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BIODIVERSITY ON GREEN ROOFS

BIODIVERSITY ON GREEN ROOFS

A diverse array of wildlife, from tiny soil-dwelling insects to large birds of prey, find food and shelter on urban green roofs. Green roofs can also increase local native plant populations if native plants are part of the design or allowed to establish on their own. 

 

Green roofs are wildlife habitat, so keep wildlife in mind when designing them. Try to use native plants when possible and avoid using pesticides. Avoid allowing pet cats out on the green roof, especially during migration. Importantly, avoid large windows in close proximity to vegetation or install bird-friendly glass treatments so that you can avoid causing bird collisions.

Birds on Green Roofs

Birds use New York City in all seasons of the year. Some birds breed in NYC, some spend their winters here, and others just pass through during spring or fall migration. In many parts of NYC, birds don’t have access to enough green space to find the food and shelter they need. Green roofs can provide habitat in areas where birds may not otherwise be able to survive.

 

Over 48 bird species have been recorded using green roofs in NYC. The majority use green roofs during spring and fall migration. During migration, birds travel long distances, but they need to refuel from time to time. Green roofs act as stopover sites, where birds forage on the abundant insect community found there. Many of the birds using green roofs during the migration would not usually be found in the city outside of parks.

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Credit: American Natural History Museum Bats in Central Park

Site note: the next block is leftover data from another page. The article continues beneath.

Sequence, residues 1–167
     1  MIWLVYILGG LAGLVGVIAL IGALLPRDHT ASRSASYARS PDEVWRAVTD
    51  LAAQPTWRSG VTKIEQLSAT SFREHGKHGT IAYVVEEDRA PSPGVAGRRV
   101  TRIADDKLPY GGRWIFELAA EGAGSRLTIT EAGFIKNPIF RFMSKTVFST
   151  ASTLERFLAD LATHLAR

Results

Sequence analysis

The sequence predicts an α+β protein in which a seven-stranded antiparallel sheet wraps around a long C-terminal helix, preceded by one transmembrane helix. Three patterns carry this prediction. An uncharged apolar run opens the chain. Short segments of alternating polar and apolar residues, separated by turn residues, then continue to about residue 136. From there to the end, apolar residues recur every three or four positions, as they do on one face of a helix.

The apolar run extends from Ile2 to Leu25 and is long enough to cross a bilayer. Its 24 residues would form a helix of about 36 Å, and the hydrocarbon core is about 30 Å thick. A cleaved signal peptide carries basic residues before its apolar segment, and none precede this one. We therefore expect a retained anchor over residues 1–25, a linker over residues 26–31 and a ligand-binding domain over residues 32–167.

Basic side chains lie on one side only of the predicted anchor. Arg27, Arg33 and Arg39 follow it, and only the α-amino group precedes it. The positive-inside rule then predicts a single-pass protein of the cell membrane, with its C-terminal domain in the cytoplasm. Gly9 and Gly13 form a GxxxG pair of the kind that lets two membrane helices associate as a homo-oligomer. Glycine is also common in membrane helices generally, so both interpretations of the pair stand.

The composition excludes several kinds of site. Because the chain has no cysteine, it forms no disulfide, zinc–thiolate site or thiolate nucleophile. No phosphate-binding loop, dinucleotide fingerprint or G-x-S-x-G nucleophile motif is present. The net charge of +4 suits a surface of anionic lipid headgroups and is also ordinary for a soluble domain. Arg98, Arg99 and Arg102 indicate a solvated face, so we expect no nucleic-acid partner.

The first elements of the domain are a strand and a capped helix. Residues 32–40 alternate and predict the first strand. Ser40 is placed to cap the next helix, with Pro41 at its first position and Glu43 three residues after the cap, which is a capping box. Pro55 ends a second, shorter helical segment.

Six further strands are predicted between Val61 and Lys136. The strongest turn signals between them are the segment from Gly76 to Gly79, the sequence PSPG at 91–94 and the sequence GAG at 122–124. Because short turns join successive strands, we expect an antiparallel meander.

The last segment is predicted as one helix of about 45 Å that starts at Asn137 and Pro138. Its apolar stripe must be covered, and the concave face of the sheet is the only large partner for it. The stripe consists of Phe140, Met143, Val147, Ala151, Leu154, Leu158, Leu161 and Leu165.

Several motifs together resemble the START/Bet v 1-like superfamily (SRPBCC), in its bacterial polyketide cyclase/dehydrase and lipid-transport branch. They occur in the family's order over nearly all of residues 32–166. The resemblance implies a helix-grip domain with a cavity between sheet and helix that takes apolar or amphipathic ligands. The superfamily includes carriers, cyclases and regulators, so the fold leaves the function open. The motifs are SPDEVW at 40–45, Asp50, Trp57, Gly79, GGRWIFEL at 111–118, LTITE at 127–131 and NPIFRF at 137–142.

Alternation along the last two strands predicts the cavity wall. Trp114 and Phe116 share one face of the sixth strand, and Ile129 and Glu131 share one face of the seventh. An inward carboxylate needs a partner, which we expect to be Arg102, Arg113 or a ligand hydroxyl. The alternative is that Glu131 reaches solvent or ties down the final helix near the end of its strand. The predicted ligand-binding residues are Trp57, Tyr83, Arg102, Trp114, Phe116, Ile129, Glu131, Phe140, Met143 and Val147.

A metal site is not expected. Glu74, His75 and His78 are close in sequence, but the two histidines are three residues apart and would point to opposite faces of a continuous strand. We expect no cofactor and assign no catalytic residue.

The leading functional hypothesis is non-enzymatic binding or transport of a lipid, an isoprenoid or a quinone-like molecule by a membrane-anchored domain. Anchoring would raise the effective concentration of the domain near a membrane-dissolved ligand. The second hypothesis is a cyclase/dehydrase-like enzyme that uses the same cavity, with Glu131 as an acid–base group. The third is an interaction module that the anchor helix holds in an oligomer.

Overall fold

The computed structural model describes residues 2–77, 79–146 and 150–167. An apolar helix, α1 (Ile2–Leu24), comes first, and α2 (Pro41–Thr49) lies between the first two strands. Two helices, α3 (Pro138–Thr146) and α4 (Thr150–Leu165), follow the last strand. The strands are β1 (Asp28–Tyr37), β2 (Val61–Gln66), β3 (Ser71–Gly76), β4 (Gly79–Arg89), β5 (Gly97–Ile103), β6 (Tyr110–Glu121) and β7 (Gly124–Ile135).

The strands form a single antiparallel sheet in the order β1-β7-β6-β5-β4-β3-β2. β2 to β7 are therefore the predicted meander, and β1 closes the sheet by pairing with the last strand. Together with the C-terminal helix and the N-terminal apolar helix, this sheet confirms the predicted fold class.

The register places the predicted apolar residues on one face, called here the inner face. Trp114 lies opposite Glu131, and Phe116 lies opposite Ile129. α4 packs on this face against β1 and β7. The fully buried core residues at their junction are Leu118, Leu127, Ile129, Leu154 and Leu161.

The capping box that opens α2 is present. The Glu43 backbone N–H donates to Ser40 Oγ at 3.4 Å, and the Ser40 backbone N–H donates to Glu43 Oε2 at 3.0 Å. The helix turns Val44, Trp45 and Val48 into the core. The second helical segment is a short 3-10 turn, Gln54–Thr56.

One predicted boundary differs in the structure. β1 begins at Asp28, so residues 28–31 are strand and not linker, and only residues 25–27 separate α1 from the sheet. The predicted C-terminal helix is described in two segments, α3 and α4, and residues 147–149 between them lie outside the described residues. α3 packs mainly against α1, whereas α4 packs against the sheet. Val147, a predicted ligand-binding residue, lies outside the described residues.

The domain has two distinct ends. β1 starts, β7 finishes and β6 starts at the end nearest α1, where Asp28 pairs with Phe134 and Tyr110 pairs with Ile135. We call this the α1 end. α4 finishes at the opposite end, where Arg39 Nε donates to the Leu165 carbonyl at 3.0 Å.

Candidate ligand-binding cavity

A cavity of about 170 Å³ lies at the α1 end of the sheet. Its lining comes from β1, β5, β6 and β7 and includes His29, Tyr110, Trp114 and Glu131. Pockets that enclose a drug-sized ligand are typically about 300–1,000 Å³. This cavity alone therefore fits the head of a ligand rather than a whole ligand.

Bats on Green Roofs

Bats are an important component of ecosystems and help protect people by keeping pest insect populations under control. In North America, many bat species are imperiled due to white-nose syndrome or habitat loss. Green roofs provide habitat for bats in the city.

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Arthropods on Green Roofs

Arthropods are invertebrates with exoskeletons, including bees, true bugs, spiders, and ants.  Arthropods provide food for other wildlife, pollinate plants, control pest species, decomposing plant material, and cycle the soil. 

 

The area surrounding a green roof and the connectivity of a green roof influences which arthropods are found, as does green roof design. Green roofs in NYC host a higher arthropod richness and abundance than non-green conventional roofs and can play an important role in increasing arthropod diversity across the city.

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Plants on Green Roofs

Plant diversity on green roofs is determined by the depth of the growing medium. In NYC, several native plant species are known to survive on green roofs of varying depths, and more are being tested by researchers. In addition to what is planted intentionally, new plant species will colonize green roofs, increasing plant diversity.

 

Introducing plants on a previously impervious roof surface creates habitat for microbes, fungi, arthropods, birds, and bats. At ground level sites, native plants provide a better habitat for native wildlife and the same is likely true for green roofs. However, more research is needed on which native plants can survive on green roofs in NYC.

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Microbes on Green Roofs

Several groups of microbes, including mycorrhizal fungi, decomposer fungi, N-fixing bacteria, and pathogens, are important for the functioning of non-constructed ecosystems, and likely have implications for green roof design and maintenance. These functional groups interact with certain plant taxa and soil properties in complex ways. The bacterial and fungal communities are different on green roofs with mixed vegetation   (wildflowers, grasses, and succulents) than on single-genus (Sedum) green roofs. There is a higher proportion of mycorrhizal fungi on mixed-vegetation roofs. Sedum roofs have higher pathogen loads.

 

The fungal communities of green roofs are compositionally distinct from those in city parks, and only 54 percent of the green roof microbial taxa were found in park soils. Across the city's green roofs, fungal communities are geographically clustered, indicating that local factors such as edaphic variations, wind patterns, and dispersal from proximate parks may have shaped fungal assemblages.

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